What makes traditional Japanese gardens distinctively different from western gardens?
There are a number of design techniques used and one that is especially effective is known as `hide and reveal’, also known as miegakure. It involves creating an illusion of distance by partially concealing a view or features in a garden, such as hills, rocks, water, or lanterns. Its origin is in Chinese landscape painting, where, for example, a sense of depth is created with mist partially hiding and partially revealing mountain scenes.
Unlike most western gardens, where the garden can be seen from many views, Japanese garden designers want to create a sense of mystery that pulls you in, stimulates the imagination, and for the garden to unfold as the visitor moves through it. This creates a contrast of openness and closeness that produces a sense of surprise, anticipation, and suspense. Views are always considered, sequenced, and developed using techniques such as grade changes, twists and turns along the pathways, plant screens, and viewing platforms.
The concern in a Japanese garden is how the visitor will interact with the garden. The design is set up as a whole, with a series of contrasting experiences along the way, with the intention for the visitor to slow down, observe, and experience the beauty. Of equal importance to the physical elements in the garden is the negative space also called yohaku or `white space’, a term borrowed from Chinese landscape painting. Working with both the positive and negative spaces within the garden and how the objects relate to each other, creates a sense of rhythm in the garden.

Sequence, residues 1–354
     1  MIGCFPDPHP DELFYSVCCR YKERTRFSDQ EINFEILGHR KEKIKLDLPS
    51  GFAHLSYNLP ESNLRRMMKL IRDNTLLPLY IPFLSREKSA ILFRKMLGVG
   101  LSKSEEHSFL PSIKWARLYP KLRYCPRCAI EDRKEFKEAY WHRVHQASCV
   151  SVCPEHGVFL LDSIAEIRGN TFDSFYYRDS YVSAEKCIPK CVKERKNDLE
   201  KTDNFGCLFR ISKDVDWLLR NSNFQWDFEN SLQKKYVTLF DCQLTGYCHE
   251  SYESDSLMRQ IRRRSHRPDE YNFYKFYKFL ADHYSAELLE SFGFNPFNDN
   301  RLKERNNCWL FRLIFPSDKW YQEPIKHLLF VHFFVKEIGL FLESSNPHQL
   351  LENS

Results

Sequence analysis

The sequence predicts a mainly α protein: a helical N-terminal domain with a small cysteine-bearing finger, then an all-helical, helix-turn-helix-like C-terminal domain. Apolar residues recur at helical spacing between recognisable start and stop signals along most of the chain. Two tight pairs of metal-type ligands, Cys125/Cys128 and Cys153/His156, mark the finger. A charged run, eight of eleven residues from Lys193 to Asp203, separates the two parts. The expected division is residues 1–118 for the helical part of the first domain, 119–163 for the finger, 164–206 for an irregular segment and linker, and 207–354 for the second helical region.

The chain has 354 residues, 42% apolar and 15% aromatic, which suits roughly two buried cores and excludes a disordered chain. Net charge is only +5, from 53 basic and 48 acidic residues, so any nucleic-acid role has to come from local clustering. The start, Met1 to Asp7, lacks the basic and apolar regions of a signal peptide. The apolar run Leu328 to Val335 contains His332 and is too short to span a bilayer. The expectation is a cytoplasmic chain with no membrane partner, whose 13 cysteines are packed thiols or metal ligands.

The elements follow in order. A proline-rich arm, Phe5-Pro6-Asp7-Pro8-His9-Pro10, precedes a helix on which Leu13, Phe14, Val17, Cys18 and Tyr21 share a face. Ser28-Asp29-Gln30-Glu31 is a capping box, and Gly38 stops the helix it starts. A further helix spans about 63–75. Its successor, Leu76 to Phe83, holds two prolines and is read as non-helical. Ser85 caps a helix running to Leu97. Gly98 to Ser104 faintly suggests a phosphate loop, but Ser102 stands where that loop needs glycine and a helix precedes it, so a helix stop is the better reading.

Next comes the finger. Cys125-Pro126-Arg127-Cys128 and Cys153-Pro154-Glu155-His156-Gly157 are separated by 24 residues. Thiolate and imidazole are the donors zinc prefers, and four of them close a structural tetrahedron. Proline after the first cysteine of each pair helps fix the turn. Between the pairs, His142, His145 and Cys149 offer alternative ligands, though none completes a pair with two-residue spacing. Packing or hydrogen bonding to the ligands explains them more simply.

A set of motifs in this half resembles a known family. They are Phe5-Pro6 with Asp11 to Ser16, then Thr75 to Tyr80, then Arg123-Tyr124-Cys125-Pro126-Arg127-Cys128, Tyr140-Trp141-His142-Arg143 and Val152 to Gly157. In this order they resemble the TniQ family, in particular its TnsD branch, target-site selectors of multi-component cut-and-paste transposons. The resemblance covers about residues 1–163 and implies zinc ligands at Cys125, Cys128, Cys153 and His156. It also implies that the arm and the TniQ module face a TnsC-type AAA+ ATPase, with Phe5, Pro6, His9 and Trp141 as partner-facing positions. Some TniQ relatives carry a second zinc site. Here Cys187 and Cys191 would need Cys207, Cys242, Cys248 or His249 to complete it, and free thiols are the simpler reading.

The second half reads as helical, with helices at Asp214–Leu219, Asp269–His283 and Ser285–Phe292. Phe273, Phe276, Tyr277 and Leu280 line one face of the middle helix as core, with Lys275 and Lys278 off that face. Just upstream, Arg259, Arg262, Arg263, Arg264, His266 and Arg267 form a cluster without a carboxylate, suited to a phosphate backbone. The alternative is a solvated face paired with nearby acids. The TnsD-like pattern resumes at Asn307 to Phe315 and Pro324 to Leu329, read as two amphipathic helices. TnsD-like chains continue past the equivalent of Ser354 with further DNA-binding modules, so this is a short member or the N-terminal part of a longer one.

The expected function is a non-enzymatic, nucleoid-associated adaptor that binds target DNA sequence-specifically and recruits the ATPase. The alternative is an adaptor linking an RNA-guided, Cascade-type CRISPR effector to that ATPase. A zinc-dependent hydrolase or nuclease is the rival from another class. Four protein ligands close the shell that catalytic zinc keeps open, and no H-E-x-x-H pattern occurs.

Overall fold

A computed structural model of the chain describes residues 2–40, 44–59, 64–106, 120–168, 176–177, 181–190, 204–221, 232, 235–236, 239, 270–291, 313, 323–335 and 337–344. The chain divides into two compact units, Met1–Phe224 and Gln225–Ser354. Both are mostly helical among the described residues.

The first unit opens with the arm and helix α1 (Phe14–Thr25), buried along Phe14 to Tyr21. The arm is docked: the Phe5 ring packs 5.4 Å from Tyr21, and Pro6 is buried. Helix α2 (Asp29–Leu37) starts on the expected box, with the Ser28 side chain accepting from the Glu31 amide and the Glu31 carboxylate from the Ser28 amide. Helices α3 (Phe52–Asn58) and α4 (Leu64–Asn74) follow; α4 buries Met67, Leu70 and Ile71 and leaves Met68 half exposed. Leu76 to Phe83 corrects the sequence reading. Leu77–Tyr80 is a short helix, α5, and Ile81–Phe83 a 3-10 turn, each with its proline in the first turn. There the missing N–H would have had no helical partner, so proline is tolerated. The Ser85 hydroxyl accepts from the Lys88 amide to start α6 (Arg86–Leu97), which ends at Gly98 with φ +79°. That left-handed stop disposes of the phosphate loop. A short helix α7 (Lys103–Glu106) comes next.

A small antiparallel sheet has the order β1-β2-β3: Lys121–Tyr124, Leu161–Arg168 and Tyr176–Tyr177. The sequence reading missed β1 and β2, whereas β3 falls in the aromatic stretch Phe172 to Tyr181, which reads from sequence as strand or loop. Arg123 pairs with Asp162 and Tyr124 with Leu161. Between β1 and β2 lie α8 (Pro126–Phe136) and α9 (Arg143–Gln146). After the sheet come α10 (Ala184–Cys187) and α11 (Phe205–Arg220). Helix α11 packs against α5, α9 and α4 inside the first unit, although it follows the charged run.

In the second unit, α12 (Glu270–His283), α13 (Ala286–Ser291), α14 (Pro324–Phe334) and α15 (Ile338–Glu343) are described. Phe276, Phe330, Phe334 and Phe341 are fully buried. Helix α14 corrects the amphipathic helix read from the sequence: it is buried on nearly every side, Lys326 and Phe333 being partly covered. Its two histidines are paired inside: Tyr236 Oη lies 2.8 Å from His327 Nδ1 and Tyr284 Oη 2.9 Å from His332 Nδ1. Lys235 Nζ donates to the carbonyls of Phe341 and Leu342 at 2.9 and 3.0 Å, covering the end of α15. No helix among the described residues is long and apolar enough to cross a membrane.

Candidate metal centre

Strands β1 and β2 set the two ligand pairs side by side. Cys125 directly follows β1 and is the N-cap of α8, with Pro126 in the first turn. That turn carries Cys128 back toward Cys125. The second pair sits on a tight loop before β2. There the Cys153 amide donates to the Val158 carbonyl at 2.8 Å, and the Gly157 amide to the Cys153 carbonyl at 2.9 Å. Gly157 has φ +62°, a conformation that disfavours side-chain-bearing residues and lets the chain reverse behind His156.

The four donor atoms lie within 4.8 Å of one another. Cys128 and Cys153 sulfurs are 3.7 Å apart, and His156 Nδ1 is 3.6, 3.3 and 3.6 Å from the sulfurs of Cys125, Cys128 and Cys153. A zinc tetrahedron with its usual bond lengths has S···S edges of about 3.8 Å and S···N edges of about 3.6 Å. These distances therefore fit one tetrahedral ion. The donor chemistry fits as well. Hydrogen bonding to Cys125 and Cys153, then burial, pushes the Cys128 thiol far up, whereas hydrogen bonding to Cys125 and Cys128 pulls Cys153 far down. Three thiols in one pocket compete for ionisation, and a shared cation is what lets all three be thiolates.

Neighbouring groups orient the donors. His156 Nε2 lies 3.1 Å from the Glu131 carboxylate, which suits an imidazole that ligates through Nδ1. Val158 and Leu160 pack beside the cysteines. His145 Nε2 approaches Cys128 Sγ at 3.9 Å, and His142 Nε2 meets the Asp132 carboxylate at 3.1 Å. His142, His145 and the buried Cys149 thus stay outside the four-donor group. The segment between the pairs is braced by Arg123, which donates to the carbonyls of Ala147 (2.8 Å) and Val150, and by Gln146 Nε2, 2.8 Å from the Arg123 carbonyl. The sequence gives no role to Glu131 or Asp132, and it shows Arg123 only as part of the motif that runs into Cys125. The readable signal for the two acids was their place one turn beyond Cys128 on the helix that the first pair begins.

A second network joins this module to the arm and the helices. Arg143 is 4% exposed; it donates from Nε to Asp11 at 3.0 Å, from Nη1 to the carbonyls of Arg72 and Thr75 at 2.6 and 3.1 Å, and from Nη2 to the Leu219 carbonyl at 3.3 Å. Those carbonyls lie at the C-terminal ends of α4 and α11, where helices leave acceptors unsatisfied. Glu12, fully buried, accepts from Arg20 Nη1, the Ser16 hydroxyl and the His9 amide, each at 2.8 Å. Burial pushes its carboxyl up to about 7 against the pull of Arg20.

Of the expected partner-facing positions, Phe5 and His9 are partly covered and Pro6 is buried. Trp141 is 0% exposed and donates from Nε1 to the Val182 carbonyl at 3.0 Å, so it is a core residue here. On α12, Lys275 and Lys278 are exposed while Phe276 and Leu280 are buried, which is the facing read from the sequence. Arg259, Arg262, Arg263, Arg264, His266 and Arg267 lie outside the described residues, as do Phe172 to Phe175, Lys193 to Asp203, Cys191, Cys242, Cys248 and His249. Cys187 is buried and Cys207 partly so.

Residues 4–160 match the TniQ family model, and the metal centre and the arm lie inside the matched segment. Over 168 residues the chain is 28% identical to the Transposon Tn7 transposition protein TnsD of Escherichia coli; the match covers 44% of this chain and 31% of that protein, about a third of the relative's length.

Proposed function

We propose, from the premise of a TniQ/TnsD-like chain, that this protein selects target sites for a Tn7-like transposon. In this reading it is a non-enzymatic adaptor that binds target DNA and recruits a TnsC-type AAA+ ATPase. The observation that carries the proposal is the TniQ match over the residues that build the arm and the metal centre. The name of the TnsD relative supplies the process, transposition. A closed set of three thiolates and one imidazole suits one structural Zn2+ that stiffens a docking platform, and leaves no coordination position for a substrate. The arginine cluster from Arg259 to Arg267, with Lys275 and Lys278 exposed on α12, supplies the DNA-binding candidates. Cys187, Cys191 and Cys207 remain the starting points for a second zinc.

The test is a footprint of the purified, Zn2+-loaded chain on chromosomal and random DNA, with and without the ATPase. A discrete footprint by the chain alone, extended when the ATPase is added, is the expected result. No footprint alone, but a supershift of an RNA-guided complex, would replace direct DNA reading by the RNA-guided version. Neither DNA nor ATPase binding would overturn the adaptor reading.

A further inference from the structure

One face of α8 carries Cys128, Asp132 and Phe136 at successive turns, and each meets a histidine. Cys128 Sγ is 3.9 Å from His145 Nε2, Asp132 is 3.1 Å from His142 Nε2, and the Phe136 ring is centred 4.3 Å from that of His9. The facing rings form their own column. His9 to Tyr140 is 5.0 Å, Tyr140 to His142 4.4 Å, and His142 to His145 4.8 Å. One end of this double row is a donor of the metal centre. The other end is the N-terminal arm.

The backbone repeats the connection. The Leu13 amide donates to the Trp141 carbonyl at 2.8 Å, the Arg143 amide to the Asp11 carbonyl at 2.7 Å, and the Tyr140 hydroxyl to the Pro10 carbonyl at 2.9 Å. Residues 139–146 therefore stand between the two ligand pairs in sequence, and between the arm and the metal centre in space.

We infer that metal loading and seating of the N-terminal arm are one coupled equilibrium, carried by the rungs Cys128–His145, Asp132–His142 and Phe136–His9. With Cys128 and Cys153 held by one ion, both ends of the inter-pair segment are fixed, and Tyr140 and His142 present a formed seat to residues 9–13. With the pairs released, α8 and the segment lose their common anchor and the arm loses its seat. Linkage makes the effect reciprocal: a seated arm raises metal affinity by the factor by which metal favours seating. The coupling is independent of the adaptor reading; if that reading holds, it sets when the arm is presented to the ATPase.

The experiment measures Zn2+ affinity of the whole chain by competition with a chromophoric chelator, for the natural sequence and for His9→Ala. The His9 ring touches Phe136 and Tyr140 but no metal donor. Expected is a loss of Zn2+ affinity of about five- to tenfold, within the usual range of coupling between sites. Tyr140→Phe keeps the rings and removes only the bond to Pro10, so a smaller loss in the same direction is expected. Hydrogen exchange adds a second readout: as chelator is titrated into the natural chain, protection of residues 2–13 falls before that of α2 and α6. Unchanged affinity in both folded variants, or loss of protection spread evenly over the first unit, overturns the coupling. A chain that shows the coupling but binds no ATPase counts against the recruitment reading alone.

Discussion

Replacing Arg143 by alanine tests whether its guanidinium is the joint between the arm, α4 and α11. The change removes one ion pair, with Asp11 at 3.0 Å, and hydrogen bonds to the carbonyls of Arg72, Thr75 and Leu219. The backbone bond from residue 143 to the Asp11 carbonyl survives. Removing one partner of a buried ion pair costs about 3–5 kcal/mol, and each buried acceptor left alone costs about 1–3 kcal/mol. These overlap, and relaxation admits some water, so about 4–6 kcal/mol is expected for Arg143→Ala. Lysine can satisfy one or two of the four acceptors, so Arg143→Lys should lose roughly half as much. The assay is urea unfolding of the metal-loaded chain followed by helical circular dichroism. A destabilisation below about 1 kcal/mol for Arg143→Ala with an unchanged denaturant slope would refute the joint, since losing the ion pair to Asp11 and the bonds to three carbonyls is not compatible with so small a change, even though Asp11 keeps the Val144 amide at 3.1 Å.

Japanese gardens feel very natural but they are actually carefully and artfully created to provide the essence of nature in a compact space. For this to be successful, techniques such as `hide and reveal’ add to the awe visitors experience in moving through traditional Japanese gardens.
The Gardens at The Adachi Museum and Garden, located in Yasugi City, Shimane Prefecture, Japan best exemplify the concept of `hide and reveal’. This Garden has been rated as the best garden in Japan for many years by the Journal of Japanese Gardening.
These photographs were taken from the Adachi Museum website
Notice how you get the sense of things being hidden. As the curves move around and into the hills, it makes you wonder what lies beyond, creating a great sense of mystery.
Here you can see the many levels of the garden and how it has taken full advantage of the borrowed scenery. Notice that there are no straight lines and how greens can make such a beautiful garden.